great example of this. The case started with a series of media reports about alleged NCAA violations at UCF. The NCAA investigated and concluded that UCF had violated some NCAA rules, and UCF was successful in its appeal of some of the charges. The university went through the process, exercised its rights and demonstrated that the system can work. Changes are happening in college athletics, but criticizing the NCAA for every problem is a lazy position to take. The NCAA is not to blame for television contracts in the billions of dollars — those contracts are negotiated by conferences working directly with the networks. Why doesn’t the NCAA make money from the new college football playoff system? Conference commissioners control it. Why aren’t college football players paid or allowed to make money from selling their autographs? The answer lies with the leaders of the institutions that comprise the NCAA — they are the ones making the rules. Who controls conference realignment? It isn’t the NCAA. Why does your football team play so many day games? The television networks schedule the games according to potential revenue. Getting the picture now? Most fans falsely believe that there are billions of dollars available to pay student-athletes and instituting payment would eliminate much of the wrongdoing in college sports. While this isn’t presently true, it is an issue that universities will need to address as college athletics move forward. The NCAA can make recommendations, but ultimately the future of college athletics, its structure and its governance lies in the hands of the real differencemakers — the schools that need to step up and start building their future.

In response to the infractions, the institution has increased its compliance staff, as well as its compliance educational and monitoring efforts. A greater emphasis has been placed on educating coaches, staff and fans on the rules and regulations concerning representatives of athletics interests and third-party representatives. UCF has instituted the use of compliance and recruiting software for all athletics programs. In addition, the compliance office now shares a dualreporting structure to the Vice President and Director of Athletics and the University’s Chief Compliance and Ethics Officer. UCF will continue its efforts of promoting a culture of compliance throughout the university and becoming a national model for athletics compliance.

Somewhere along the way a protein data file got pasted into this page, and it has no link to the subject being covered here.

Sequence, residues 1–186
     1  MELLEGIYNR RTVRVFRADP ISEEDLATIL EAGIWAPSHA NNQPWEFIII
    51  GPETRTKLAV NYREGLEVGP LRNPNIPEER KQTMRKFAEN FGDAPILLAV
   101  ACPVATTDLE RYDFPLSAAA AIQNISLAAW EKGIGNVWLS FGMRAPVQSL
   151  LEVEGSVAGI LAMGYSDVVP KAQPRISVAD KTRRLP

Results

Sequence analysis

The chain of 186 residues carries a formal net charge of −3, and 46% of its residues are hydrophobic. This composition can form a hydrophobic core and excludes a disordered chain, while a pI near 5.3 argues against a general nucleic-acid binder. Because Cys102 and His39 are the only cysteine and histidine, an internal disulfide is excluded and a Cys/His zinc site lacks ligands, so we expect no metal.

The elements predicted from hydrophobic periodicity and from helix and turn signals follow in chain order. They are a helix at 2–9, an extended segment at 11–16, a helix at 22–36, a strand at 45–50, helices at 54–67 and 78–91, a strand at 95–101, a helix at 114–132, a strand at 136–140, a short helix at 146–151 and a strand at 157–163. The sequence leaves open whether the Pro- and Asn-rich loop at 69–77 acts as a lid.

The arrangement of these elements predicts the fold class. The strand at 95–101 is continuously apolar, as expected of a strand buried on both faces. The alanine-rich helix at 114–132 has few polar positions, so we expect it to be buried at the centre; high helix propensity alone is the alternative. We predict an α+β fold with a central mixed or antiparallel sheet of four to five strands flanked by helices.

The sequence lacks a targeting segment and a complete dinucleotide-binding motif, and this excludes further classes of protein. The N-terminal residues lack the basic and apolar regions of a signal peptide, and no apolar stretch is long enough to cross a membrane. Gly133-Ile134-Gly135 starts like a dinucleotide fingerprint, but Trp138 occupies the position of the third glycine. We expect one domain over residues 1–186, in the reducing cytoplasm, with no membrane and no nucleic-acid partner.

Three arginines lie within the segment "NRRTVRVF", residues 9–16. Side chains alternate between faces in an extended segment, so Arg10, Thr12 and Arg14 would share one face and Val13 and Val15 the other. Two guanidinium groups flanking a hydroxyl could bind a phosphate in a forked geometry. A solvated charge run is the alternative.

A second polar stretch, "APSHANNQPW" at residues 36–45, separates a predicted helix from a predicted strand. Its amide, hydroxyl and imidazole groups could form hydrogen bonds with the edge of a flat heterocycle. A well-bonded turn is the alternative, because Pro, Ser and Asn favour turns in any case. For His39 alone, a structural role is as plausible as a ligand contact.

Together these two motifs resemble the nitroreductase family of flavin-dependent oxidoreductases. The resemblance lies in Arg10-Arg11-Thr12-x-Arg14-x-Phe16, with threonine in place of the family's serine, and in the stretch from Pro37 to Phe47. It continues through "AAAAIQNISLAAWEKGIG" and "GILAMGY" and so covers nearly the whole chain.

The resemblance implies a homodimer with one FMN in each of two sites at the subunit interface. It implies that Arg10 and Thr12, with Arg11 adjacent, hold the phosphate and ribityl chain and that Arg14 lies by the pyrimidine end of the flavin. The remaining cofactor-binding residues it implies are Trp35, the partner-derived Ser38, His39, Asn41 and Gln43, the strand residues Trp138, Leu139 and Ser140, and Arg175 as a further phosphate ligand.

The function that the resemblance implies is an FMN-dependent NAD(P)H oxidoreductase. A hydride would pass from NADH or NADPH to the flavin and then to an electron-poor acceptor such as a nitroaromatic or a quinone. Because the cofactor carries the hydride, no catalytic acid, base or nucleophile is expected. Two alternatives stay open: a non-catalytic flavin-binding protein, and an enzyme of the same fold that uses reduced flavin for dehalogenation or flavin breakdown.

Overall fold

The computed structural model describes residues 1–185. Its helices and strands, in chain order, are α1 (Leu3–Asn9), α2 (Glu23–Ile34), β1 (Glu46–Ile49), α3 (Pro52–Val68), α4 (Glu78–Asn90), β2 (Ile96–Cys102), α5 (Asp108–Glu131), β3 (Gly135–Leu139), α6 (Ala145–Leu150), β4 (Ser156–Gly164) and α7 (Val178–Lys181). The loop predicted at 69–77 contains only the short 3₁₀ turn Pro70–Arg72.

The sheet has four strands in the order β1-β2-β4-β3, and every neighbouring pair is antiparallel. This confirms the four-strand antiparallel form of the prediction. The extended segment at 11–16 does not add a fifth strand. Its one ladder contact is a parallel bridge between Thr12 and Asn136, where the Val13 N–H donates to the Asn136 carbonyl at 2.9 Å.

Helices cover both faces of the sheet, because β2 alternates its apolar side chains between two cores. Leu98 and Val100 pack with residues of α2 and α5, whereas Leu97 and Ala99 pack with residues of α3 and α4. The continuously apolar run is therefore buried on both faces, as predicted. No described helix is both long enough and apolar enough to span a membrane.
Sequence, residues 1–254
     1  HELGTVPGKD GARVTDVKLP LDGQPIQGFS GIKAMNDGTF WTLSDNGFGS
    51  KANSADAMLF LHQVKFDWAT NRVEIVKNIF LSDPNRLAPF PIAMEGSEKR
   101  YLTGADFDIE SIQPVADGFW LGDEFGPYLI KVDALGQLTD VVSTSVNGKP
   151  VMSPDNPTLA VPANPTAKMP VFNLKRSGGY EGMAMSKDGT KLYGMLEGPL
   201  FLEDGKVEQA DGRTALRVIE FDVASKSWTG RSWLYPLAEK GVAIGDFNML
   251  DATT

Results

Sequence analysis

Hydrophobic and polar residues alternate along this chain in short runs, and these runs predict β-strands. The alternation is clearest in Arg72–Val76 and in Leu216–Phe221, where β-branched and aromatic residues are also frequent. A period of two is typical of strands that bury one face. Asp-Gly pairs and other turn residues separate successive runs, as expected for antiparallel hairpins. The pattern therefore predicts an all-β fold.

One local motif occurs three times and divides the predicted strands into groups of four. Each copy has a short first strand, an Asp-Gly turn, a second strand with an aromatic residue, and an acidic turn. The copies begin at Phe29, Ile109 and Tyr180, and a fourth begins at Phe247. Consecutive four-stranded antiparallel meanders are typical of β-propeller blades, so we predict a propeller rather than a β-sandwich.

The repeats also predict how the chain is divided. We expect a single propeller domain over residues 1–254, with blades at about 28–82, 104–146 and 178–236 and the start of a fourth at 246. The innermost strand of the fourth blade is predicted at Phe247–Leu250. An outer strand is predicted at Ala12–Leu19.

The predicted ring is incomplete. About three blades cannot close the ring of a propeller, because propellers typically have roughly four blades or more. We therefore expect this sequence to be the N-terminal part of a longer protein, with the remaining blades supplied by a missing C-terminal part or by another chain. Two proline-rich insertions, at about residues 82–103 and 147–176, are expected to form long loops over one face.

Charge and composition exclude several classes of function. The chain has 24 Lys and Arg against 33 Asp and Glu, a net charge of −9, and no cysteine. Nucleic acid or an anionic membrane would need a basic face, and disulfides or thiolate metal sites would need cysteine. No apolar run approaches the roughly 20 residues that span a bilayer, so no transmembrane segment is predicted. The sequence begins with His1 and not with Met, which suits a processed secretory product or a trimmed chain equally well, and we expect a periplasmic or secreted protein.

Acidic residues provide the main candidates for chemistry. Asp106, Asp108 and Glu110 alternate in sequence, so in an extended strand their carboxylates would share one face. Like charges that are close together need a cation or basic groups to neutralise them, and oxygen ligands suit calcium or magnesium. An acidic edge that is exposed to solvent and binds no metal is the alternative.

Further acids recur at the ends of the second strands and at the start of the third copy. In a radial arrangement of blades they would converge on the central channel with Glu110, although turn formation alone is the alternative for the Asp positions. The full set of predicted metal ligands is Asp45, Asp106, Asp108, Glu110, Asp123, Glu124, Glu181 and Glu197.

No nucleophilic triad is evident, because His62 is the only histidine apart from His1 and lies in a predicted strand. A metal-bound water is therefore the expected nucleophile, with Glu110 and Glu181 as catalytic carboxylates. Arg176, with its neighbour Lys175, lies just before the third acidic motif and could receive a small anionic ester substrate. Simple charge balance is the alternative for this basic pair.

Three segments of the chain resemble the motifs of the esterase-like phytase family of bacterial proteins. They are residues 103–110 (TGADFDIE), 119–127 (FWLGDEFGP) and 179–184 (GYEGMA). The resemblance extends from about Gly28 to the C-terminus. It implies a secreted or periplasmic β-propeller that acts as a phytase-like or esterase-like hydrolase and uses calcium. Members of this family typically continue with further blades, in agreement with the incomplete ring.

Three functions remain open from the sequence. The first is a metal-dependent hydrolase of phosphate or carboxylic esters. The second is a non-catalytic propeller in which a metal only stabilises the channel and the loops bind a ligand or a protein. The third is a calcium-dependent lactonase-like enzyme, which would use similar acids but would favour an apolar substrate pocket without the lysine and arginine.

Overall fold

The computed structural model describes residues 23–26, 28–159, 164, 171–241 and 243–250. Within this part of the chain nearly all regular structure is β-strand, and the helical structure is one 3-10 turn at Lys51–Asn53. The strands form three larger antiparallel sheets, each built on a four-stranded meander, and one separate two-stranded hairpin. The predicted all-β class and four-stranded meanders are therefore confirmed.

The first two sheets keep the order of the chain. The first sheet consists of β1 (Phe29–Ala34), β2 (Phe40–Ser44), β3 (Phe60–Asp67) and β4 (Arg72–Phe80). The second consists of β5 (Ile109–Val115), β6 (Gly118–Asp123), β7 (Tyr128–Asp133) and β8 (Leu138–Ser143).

PEGASUS M AGAZ I NE

Opinion

Medical City and Orlando’s Economy BY SEAN SNAITH

Director, UCF Institute for Economic Competitiveness Orlando’s economy is, as most know, heavily invested in tourism. While we appreciate our vibrant tourism industry as a tremendous benefit to our economy, a heavy concentration of employment in a particular economic sector can be risky. One timely example is the recently declared bankrupt city of Detroit. A substantial concentration of employment in the automotive and related industries brought great wealth to that region during the height of the domestic auto industry, but subsequent restructuring and globalization turned the once-proud city into a shell of its former self.

Orlando got a taste of economic loss in the wake of 9/11. Those who lived in the region during the aftermath of that tragedy described Orlando as eerily quiet and empty. The shock to tourism proved to be transitory, but it was a wake-up call to regional and statewide leaders. The old adage of not putting all of your eggs in one basket is sage advice. While diversifying an investment portfolio may be a relatively easy task, diversifying the city’s economy is more daunting. The benefits, however, are just as tangible and more widespread. Diversifying a regional economy takes significant time. Orlando did not become a tourism powerhouse in a matter of a few years; it has taken decades. The speed with which a